At 19 years old and with a signed professional contract waiting to go into effect, Ryan Ellis hardly has the weight of the world on his shoulders.
The Nashville Predators’ top choice in the 2009 draft does believe he now carries enough weight to allow him to expand his hockey world beyond the Ontario Hockey League, where he has been a dominant player.
“I think I’ve done a lot in junior, and I’d love to make the next step up to the pro ranks,” Ellis said. “But I still have the year of eligibility in junior. … The NHL is a big jump and you have to be prepared for it.”
NHL rules that mandate that players with available eligibility in juniors must remain with their junior club unless they are on an NHL roster. Thus, this year he cannot take the preferred first step for Predators’ prospects, which is to play for their AHL affiliate at Milwaukee.
His first opportunity to make his case for an NHL roster spot comes Wednesday and Thursday, when Nashville’s rookies meet a team of their peers from the Florida Panthers in Florida. He will be just one piece of a highly regarded defense corps that includes 2007 first-round choice Jonathon Blum as well as second-round picks Roman Josi (2008) and Charles-Oliver Roussel (2009).
“People always say size an issue but it’s really not,” Blum, who has faced similar concerns, said. “You can play this game no matter how big or small you are. They NHL nowadays is full of puck-moving defenseman who get the puck out quick and help produce offensively.”
From a statistical standpoint, there are no questions about Ellis’ ability to contribute at the NHL level.
Blessed with better than average instincts, he has racked up huge offensive numbers over the last three seasons, the last two of which ended with him and his Windsor Spitfires teammates hoisting the Memorial Cup, junior hockey’s top prize. Nashville picked him 11th overall after he racked up 89 points (22 goals, 67 assists) in 57 games. Last season he battled injury but still managed 61 points (12 goals, 49 assists) in 48 appearances.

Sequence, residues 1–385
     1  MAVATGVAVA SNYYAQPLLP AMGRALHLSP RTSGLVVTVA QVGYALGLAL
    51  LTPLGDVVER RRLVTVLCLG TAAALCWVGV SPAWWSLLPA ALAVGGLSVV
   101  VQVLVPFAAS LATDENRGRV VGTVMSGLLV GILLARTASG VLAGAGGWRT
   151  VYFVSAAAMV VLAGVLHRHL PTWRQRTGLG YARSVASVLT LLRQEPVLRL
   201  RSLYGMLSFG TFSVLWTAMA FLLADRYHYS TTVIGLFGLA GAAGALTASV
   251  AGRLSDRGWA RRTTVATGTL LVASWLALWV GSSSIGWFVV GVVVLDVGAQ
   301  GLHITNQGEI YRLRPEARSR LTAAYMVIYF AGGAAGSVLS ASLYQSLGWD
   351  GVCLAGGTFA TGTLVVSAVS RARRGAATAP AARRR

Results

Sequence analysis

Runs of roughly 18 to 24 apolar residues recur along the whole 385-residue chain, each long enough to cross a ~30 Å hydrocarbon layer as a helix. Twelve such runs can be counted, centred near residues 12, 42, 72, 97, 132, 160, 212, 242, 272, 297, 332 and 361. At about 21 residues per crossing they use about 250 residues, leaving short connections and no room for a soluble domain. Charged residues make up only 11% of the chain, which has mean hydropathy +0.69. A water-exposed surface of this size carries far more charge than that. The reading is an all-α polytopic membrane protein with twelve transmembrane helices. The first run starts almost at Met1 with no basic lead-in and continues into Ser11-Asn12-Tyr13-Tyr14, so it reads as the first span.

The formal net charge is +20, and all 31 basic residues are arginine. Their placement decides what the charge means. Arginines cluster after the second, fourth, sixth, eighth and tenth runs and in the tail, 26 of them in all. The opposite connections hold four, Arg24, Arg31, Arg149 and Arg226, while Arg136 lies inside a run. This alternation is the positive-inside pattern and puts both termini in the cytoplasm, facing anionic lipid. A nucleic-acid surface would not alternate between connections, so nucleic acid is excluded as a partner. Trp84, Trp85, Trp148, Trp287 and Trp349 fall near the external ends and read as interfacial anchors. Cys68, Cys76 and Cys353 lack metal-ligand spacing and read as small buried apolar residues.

The only apparent issue is his size.
He was 5-foot-10, 172 pounds when he was drafted. He added eight pounds – “eight pounds of muscle,” he said – coming into this season, which he hopes will make it difficult for team management to move him out at the end of training camp.
“I love the weight room,” he said. “You feel better each day you go in. You wake up all groggy and tired but after you do a good lift or a run or whatnot, you feel 10 times better about yourself. I love that about the weight room.”
Among Predators’ all-time draft choices, Scott Hartnell made the quickest the jump from the draft to the NHL. Hartnell, the sixth overall pick in 2000, played 75 games for Nashville as an 18-year-old.
Scottie Upshall, taken sixth overall in 2002, made the roster out of training camp but was sent back to the junior ranks before he appeared in 10 games, at which point a player is committed to the NHL for an entire season.
David Legwand played one more year in juniors after he was selected second overall in 1998 and once that season was finished, he joined the Predators in time for the final game of their inaugural campaign. He was a full-time NHL player the following year.
“The organization is going to make their decision on that, and they know what’s best for a player,” Ellis said. “You just have work hard, try your hardest and hope you get the call. If not, you work harder than you ever have before.”
• The NHL announced Tuesday a change to the format for breaking ties in the standings at the end of the season.
When teams finish with the same amount of points and both or neither are first in the division, their order will be based on wins in regulation or overtime but not shootouts.
Previously, shootout victories were included.
Nashville finished seventh outright in the Western Conference last season but was tied for fifth in shootout wins with eight, the second straight season it finished among the top 10.